company — but HR is, it turns out, uniquely unsuited for that.
Here’s why.
1. HR people aren’t the sharpest tacks in the box. We’ll be blunt: If you are an ambitious young thing
newly graduated from a top college or B-school with your eye on a rewarding career in business, your
first instinct is not to join the human-resources dance. (At the University of Michigan’s Ross School of
Business, which arguably boasts the nation’s top faculty for organizational issues, just 1.2% of 2004

grads did so.) Says a management professor at one leading school: “The best and the brightest don’t go
into HR.”
Who does? Intelligent people, sometimes — but not businesspeople. “HR doesn’t tend to hire a lot of
independent thinkers or people who stand up as moral compasses,” says Garold L. Markle, a longtime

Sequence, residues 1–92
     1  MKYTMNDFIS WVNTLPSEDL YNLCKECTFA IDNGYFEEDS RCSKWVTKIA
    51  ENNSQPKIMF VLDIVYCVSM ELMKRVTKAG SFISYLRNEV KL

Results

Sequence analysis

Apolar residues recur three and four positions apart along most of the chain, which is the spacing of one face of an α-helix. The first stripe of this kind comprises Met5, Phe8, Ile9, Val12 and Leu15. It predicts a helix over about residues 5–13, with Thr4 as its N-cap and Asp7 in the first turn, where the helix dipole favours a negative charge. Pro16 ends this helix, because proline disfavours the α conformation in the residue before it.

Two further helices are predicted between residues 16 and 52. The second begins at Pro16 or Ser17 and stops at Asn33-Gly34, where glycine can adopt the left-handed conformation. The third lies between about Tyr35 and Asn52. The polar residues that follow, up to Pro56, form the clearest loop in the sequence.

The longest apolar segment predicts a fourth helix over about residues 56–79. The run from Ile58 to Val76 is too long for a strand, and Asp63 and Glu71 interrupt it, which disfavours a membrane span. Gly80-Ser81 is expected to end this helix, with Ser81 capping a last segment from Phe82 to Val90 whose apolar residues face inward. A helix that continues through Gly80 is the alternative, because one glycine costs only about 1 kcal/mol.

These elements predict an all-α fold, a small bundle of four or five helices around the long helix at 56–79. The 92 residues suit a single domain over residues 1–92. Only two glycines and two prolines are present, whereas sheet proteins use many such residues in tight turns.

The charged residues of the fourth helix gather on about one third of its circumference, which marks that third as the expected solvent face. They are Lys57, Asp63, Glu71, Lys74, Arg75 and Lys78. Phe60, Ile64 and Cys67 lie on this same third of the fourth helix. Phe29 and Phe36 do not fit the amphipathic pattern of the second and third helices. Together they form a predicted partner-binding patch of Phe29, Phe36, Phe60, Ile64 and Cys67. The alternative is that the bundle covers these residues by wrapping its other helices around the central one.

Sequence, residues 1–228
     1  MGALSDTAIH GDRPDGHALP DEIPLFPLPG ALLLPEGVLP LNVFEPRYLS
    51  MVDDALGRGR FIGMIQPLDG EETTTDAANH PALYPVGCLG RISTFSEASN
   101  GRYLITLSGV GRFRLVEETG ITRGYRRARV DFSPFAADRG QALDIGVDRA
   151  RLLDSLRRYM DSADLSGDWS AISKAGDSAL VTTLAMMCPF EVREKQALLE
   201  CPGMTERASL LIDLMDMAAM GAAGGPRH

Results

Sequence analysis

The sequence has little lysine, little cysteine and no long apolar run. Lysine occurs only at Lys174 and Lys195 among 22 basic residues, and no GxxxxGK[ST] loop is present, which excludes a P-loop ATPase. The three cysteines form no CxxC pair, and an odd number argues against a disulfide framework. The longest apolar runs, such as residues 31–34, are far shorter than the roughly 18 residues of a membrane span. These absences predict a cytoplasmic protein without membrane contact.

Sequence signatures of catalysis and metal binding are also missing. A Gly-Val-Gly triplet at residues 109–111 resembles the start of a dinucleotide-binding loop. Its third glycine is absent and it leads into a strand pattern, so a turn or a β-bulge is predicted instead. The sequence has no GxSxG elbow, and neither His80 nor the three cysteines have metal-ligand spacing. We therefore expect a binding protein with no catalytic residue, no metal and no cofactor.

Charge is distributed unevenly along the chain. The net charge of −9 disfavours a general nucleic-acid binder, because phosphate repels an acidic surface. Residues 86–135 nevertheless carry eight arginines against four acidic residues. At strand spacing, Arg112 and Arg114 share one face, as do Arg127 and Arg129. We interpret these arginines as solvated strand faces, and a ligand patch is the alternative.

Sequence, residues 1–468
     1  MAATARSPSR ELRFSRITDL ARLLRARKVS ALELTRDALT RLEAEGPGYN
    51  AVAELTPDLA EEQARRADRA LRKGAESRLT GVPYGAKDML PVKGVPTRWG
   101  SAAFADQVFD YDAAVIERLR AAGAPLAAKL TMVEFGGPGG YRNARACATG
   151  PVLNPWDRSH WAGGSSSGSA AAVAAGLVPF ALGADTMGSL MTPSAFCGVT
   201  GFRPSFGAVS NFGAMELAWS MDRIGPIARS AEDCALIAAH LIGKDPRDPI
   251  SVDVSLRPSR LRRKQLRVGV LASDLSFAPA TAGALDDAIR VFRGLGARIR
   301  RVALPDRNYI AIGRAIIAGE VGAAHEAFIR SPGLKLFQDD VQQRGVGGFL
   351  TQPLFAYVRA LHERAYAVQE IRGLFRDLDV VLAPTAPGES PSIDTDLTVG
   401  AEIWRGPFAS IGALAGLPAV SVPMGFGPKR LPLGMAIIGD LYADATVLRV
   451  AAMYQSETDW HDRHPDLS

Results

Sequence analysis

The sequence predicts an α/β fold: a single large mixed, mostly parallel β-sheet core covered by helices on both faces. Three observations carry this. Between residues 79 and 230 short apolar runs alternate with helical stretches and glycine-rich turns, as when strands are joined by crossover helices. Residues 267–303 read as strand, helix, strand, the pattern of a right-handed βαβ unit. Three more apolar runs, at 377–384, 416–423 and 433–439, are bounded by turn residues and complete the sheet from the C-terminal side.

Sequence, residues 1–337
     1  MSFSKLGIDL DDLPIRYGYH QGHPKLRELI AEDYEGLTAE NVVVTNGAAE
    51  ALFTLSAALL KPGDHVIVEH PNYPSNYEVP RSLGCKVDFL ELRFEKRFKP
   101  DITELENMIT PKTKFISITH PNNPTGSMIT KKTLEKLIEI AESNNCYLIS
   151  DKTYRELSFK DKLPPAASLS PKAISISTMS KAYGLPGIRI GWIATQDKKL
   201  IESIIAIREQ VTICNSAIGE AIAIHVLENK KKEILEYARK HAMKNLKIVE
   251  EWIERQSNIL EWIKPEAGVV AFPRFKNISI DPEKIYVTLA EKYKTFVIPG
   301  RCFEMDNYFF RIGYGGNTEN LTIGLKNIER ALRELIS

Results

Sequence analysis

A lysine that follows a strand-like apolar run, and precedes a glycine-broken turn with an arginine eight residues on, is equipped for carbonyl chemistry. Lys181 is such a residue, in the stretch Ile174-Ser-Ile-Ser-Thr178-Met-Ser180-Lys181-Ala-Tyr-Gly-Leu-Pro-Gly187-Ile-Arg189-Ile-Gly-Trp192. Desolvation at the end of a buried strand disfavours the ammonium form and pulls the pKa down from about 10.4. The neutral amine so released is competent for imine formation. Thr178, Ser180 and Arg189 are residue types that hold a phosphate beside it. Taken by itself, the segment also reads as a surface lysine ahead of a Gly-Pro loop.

human-resources executive at Exxon and Shell Offshore who now runs his own consultancy. Some are
exiles from the corporate mainstream: They’ve fared poorly in meatier roles — but not poorly enough to
be fired. For them, and for their employers, HR represents a relatively low-risk parking spot.
Others enter the field by choice and with the best of intentions, but for the wrong reasons. They like
working with people, and they want to be helpful — noble motives that thoroughly tick off some HR
thinkers. “When people have come to me and said, ‘I want to work with people,’ I say, ‘Good, go be a
social worker,’ ” says Arnold Kanarick, who has headed human resources at the Limited and, until
recently, at Bear Stearns. “HR isn’t about being a do-gooder. It’s about how do you get the best and
brightest people and raise the value of the firm.”